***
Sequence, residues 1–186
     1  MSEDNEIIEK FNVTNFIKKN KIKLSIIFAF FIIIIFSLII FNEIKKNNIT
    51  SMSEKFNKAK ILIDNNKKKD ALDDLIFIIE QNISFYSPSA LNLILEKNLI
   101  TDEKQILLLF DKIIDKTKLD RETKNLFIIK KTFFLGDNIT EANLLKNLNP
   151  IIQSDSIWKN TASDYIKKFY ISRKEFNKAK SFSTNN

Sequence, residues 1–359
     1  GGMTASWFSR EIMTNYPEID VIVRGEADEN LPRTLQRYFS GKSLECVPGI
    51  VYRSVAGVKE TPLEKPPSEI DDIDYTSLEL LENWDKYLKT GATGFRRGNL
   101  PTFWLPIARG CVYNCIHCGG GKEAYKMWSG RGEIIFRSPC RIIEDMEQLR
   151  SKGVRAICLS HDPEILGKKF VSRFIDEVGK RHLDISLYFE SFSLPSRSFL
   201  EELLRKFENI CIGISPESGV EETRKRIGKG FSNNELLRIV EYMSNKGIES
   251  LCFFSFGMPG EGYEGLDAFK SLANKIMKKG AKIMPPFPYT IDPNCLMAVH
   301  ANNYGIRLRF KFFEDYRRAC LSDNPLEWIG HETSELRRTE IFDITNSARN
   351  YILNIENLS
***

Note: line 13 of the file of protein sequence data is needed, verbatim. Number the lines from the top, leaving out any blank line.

   301  ANNYGIRLRF KFFEDYRRAC LSDNPLEWIG HETSELRRTE IFDITNSARN